When you proceed towards the enemy or he proceeds towards you, the position of your force should be on the approaches high ground or on the edges of mountains or the bends of rivers, so that it may serve you as a help and a place to return to. Your encounter should be from one side or two sides. Place watchers on the peaks of mountains and the raised sides of the high ground so that the enemy may not approach you from any place, whether of danger or safety.
And know that the vanguard of an army serves as their eyes, and the eyes of the vanguard are their informers. Beware of dispersal. When you halt do so together and when you move you should move together. When night comes fix your spears in a circle and do not sleep except for dozing or napping.
 When Amīr al-mu’minīn put Ziyād ibn an-Naḍr al-Ḥārithī and Shurayḥ ibn Hānī al-Ḥārithī in command of contingents of eight thousand and four thousand strong at the camp of an-Nukhaylah and ordered them to advance towards Syria (ash-Shām), some dispute arose between them about their ranks, of which they apprised Amīr al-mu’minīn and wrote letters of complaints about each other. In reply, Amīr al-mu’minīn wrote to them that when they marched jointly the command of the whole force would be with Ziyād ibn an-Naḍr al-Ḥārithī and when they marched separately each would be in command of the force over which he had been placed.
In this letter Amīr al-mu’minīn also wrote for them certain instructions. Here as-Sayyid ar-Raḍī has taken down only the portion containing the instructions. These instructions are not only useful as concerns the strategies of fighting of those days, but their utility and importance in bringing out the principles of fighting in these days also is undeniable. These instructions are that at the time of encounter with the enemy the forces should be encamped on the tops of mountains and turns of rivers, because in this way the low areas of the rivers would serve as trenches and the peaks of mountains as the walls of the fortress and thus it would be possible to feel secure and face the enemy from the other side. Secondly, that the attack should be from one side or at the most from two sides, because by distribution of the entire force on several fronts weakness would inevitably arise. Thirdly, that the watchers should be put in position on the tops of high ground and the peaks of mountains so that they may give warning before the attack. Sometimes it happens that instead of attacking from the expected side the enemy attacks from a different side. Therefore, if watchers are in position in high places they will detect the enemy from the cloud of dust seen from a distance.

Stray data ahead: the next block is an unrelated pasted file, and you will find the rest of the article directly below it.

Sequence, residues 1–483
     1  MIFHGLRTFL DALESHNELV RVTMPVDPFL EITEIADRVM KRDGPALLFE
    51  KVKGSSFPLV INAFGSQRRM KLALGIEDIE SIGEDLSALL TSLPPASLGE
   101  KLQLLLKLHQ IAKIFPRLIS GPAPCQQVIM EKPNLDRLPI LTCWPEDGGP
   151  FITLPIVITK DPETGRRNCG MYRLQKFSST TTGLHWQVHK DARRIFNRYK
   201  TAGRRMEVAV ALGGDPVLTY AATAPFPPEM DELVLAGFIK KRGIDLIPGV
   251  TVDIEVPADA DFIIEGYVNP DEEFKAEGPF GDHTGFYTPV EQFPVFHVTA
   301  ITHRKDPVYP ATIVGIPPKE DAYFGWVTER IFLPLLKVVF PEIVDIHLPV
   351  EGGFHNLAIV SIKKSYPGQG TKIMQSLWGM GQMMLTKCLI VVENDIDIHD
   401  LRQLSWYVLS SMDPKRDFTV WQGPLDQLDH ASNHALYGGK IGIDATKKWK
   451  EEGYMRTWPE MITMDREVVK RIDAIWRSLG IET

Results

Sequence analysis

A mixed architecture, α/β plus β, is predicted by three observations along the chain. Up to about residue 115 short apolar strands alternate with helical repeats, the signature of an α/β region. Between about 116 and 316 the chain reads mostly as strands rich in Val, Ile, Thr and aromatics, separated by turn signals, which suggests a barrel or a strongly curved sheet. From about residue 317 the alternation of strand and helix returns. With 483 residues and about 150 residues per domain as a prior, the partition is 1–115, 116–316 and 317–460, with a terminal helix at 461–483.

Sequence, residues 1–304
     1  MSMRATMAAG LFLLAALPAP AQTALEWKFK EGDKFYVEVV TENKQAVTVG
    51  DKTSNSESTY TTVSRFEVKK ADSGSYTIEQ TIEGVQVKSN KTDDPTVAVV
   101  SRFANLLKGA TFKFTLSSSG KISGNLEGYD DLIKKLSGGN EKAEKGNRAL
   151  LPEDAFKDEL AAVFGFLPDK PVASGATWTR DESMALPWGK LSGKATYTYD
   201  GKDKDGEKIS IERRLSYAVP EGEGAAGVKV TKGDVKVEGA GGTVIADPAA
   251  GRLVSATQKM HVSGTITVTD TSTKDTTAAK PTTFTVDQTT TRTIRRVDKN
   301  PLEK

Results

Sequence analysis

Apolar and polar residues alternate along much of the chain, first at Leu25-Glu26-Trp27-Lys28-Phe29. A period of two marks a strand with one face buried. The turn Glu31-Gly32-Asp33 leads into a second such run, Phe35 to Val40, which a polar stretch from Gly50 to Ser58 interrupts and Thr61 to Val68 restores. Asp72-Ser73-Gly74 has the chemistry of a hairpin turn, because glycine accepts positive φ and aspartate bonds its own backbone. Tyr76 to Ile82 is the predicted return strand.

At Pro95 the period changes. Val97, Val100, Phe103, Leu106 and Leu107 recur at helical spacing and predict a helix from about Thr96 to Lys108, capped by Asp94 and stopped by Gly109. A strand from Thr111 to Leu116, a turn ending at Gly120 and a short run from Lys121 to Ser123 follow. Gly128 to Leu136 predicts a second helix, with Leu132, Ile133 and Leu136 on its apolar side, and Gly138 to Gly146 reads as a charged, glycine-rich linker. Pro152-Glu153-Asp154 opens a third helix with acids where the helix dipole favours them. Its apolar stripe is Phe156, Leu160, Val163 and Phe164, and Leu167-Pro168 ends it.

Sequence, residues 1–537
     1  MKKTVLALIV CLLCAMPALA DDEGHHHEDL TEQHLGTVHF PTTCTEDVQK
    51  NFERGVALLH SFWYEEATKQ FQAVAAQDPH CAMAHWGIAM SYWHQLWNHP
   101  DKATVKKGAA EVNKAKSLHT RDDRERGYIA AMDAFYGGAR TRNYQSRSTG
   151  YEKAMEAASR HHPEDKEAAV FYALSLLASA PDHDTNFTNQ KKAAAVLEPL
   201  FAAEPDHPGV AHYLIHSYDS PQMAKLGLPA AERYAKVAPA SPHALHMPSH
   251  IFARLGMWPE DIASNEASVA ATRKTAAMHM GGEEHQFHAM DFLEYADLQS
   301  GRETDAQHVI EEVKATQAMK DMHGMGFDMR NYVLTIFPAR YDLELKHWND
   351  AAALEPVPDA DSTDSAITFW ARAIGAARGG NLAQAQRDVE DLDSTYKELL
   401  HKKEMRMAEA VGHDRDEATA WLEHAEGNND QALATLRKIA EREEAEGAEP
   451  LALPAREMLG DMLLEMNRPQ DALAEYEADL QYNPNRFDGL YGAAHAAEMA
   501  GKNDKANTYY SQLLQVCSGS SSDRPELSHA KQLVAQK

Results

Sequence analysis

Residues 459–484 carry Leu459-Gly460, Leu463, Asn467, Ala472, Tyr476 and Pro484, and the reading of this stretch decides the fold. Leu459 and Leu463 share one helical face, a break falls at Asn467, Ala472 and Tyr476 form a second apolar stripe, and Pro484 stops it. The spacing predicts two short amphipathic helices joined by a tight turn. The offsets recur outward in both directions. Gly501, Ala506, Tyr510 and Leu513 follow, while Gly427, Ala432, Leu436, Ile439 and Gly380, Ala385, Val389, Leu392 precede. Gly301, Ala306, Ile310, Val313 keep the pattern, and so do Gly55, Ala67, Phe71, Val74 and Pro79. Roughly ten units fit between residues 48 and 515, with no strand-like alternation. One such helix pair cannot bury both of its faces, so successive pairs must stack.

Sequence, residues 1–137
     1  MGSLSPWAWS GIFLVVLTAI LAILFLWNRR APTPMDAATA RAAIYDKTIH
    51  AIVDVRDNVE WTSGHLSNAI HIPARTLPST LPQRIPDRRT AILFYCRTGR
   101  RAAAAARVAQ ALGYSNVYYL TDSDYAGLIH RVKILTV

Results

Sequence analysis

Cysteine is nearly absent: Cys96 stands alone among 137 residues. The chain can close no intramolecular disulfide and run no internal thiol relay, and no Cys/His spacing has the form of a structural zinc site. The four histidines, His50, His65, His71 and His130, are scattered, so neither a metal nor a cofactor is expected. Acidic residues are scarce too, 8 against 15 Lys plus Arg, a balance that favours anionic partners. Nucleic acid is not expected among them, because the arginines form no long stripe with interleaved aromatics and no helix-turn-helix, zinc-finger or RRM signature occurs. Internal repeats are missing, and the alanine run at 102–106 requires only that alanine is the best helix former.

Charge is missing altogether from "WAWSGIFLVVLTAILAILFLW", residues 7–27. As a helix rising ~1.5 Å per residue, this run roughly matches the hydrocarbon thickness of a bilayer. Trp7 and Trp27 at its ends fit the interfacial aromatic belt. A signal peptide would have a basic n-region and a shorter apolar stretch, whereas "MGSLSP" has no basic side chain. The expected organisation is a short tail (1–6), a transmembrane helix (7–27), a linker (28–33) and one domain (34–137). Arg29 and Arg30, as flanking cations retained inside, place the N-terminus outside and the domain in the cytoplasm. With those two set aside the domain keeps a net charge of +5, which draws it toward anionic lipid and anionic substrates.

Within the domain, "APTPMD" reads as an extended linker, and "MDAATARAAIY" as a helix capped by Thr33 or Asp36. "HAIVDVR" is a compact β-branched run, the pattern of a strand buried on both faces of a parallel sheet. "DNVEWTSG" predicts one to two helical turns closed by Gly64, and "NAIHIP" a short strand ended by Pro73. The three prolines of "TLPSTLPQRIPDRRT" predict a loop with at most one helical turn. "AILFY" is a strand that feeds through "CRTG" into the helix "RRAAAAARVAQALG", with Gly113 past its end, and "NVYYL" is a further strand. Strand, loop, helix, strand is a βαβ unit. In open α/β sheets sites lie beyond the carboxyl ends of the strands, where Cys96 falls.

To clarify the useful aspect of these instructions Ibn Abi’l-Ḥadīd has recorded (in vol. 15, p. 91) a historical incident that when Qaḥṭabah (ibn Shabīb aṭ-Ṭā’ī) encamped in a village after leaving Khurāsān, he and Khālid ibn Barmak went and sat on the top of a nearby hill. No sooner had they sat down than Khālid noticed flocks of deer coming running from the forest. On seeing this he said to Qaḥṭabah, “O’ commander, get up and announce to the army that they should at once fall in line and take up arms.” Hearing this, Qaḥṭabah was startled and stood up but looking hither and thither said, “I do not see the enemy’s men anywhere.” He replied, “O’ Amīr, this is not the time that should be lost in conversation. You see these deer which are proceeding towards the people, leaving their abodes. This means that the army of the enemy is marching from their rear.” Consequently, he ordered his army to get ready. As soon as the army got ready the noise of horses’ hoofs was heard and within moments the enemy was on them. Since they had prepared themselves for defence in time, they defended themselves against the enemy thoroughly. Now, if Khālid had not been at such a height and had not acted with such sagacity, the enemy would have attacked them unawares and annihilated them. Fourthly, that the reconnaissance should be spread here and there, so that they can be aware of the movements and intentions of the enemy, and thereby foil his plans. Fifthly, that when the army camps it should camp together and when it moves it should move together so that the enemy does not attack you in a state of dispersal and overpower you easily. Sixthly, that at night the guard should be formed by fixing spears in a circle in the ground so that if the enemy attacks in the night, it is possible to prepare for defence by taking up arms at once and if the enemy showers arrows that too can be defied. Seventhly, that deep sleep should be avoided lest you remain unaware of the enemy’s approach and he succeed in attacking you before you get ready.